• What’chu Talkin’ ’bout Willis?

    Posted by on May 30th, 2010 · Comments (6)

    Shockingly, this will not be a Gary Coleman post (though obit fans should read this one in the Washington Post because man was Coleman’s life depressing).

    Nope its about the rise and fall of another child star – Dontrelle Willis.

    Earlier this week, in a move that most people saw as the return of prospect Max Scherzer to the majors, the Detroit Tigers designated the one-time dominant pitcher and effervescent personality for assignment effectively ending his time in the Motor City.

    Willis burst onto the scene in 2003 – going 14-6 and combing with some Beckett guy and a big Italian with a penchant for debilitating injuries to power the upstart Florida Marlins to the Wild Card and ultimate to the World Series – though I confess I can’t recall what happened when they go there.

    The next season Willis regressed in the won-loss column, and across the board really as his walks and hits were up and strikeouts went down. However in 2005, Willis was a horse – going 22-10 with an ERA on 2.63, striking out three times as many batters as he walked and for all the world looked like a guy set for superstardom.

    The rest of his time in Florida was sub-par – a .500 season and a disaster season respectively – before he was traded to Detroit along with  Miguel Cabrera – essentially as Cabrera’s anchor a la Mike Lowell and Josh Beckett.

    In Detroit, Willis has been a Deepwater Horizon level disaster – after signing a three-year, $29 million extension with Detroit here’s what Dontrelle has thrown on the board:

    22 starts and two relief appearances
    101 innings
    103 hits
    93 walks/68 Ks
    11 HRs
    77 runs, all earned
    For a grand total of a 2-8 record with a 6.86 ERA (66 ERA+ for those of you scoring at home).

    Willis also had an unfortunate arrest while still with the Marlins and has battled, in addition to physical maladies, anxiety disorder while a Tiger.

    This is all a long lead up to two basic points:

    1) Willis is the reason why you can’t be too hard on so-called “failed” pitcher prospects and pitchers. The attrition rate is so high and the pitfalls so numerous that even a guy who looks like they have made it can still crash out. It helps to stockpile and when the opportunity is there, pilfer from someone else’s stockpile.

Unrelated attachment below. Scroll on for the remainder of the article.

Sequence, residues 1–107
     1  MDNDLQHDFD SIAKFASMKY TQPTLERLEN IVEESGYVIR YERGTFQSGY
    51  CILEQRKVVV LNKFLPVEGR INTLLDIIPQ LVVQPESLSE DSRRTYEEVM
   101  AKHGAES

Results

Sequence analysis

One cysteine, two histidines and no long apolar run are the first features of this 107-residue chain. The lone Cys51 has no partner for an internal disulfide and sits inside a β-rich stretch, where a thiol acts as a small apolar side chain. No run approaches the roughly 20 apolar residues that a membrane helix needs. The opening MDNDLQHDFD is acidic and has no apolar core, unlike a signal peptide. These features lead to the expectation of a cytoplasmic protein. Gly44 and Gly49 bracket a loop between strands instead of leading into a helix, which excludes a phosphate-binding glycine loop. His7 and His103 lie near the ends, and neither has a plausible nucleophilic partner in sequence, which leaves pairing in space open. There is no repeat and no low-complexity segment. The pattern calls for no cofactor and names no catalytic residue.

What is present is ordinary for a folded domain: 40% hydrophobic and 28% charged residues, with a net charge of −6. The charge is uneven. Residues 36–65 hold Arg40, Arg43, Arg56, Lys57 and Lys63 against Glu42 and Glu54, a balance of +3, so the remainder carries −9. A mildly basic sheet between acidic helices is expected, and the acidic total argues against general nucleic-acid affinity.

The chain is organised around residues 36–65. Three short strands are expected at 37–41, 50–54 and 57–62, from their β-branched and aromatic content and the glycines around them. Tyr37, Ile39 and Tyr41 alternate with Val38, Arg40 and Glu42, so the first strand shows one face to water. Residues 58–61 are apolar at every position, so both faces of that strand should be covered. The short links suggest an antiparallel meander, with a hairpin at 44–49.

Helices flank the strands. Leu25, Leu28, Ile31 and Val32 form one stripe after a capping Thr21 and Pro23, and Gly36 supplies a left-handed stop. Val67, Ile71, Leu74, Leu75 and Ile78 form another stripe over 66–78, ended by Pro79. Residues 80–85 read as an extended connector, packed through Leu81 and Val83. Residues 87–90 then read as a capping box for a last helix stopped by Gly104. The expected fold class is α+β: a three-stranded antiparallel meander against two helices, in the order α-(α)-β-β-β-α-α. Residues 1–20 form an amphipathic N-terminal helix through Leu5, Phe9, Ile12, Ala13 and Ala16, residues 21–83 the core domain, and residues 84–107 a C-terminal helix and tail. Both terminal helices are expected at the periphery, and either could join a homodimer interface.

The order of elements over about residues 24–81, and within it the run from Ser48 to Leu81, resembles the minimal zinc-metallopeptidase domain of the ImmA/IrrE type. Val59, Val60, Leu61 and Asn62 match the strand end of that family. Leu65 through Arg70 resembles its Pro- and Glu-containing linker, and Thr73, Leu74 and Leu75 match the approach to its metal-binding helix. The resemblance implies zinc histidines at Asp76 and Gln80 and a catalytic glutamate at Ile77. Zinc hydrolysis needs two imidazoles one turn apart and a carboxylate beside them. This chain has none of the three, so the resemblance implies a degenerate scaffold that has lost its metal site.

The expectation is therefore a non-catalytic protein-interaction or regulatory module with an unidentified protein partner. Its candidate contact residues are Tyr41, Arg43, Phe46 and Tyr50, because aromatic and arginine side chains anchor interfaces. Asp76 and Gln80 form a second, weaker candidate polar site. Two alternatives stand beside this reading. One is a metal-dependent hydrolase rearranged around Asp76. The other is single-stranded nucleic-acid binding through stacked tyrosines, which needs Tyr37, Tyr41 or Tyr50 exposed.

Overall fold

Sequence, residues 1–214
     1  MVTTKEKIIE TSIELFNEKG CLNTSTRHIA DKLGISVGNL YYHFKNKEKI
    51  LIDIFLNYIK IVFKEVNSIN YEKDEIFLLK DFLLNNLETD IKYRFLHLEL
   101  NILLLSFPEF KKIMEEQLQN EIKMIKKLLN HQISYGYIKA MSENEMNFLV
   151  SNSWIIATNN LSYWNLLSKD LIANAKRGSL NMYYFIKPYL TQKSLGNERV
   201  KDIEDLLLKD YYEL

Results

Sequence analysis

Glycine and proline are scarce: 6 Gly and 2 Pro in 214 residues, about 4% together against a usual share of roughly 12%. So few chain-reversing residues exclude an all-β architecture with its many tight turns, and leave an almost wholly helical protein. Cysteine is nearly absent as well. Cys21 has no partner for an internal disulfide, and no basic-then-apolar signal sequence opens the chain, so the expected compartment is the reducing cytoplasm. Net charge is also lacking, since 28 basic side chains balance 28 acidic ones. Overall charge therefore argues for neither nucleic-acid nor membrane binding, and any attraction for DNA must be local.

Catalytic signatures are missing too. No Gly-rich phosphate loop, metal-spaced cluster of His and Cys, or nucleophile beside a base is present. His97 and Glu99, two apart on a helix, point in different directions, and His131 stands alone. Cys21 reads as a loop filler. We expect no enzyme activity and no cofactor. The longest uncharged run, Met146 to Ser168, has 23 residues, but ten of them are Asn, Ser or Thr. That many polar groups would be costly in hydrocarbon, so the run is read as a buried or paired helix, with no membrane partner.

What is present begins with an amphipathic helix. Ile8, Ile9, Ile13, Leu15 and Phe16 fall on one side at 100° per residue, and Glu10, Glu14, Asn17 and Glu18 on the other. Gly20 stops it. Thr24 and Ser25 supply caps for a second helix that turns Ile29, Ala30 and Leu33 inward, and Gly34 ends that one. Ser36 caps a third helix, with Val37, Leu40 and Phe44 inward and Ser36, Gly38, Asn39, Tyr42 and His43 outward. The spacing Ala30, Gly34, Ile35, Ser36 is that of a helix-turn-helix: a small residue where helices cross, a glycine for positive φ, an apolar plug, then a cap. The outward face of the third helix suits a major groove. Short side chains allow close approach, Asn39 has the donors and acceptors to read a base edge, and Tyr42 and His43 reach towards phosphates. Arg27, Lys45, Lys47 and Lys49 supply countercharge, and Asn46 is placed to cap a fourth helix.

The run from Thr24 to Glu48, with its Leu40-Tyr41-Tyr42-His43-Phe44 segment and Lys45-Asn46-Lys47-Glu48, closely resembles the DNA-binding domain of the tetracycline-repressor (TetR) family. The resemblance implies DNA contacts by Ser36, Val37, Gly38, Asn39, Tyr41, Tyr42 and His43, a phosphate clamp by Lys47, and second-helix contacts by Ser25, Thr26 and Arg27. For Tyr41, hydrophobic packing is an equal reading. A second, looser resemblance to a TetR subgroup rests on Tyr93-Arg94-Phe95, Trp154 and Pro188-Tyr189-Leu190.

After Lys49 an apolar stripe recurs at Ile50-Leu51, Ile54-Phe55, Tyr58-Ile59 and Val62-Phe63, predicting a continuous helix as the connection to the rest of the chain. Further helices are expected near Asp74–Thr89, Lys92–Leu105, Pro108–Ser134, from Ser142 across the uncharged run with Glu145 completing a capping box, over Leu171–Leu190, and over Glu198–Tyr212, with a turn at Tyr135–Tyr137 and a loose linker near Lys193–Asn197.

2) Should the Yankees, when Willis is finally let go by Detroit, look to bring him in?

    New York has had some success (notably with Dwight Gooden and Daryl Strawberry) of helping troubled players bounce back to a modicum of productivity, and most key, Willis – who won’t turn 29 until next January – throws left handed.

    While success came early (perhaps too early) baseball is filled with guys – particular southpaws – who didn’t put it together until their late-20s/early-30s.

    For example, Randy Johnson was a bucket of injuries, wildness and potential until he turned 29. Closer to Yankeedom – Allie Reynolds was a player during World War II with limited success, until after 30.

    I don’t know if Willis can put it back together. I do know he was fun to watch when he was good, all arms and legs and an electric smile.

    I sure hope he can – and as an added bonus – it might be fun to see him do it as a Yankee.

    Comments on What’chu Talkin’ ’bout Willis?

    1. Raf
      May 31st, 2010 | 9:48 am

      I hope he puts it together, but I’d say Willis is done. He’s doing better than his numbers indicate, but he’s walking as many guys as he’s striking out, and his peripherals aren’t all that great either. Which is a red flag to me considering he has pitched in pitchers parks in FLA & DET.

      If I were him, I’d sign with St. Louis, see what Duncan can do.

    2. 77yankees
      May 31st, 2010 | 9:53 am

      Good God no. More of that NL coming to the AL disease, though as you said Steve, the Tigers didn’t have choice but to take him along with Cabrera, and he’d been mediocre with Florida the year before.

    3. May 31st, 2010 | 9:55 am

      77yankees wrote:

      as you said Steve,

      Sean, not Steve.;-)

    4. K-V-C
      May 31st, 2010 | 11:11 am

      I would get this guy in a heartbeat. Let him go back to his original throwing motion.

    5. Raf
      May 31st, 2010 | 11:14 am

      K-V-C wrote:

      I would get this guy in a heartbeat. Let him go back to his original throwing motion.

      He doesn’t have the flexibility to do so anymore.

    6. 77yankees
      May 31st, 2010 | 11:23 am

      Steve Lombardi wrote:

      77yankees wrote:
      as you said Steve,
      Sean, not Steve.;-)

      LOL – E-3 on me. My apologies, Sean.

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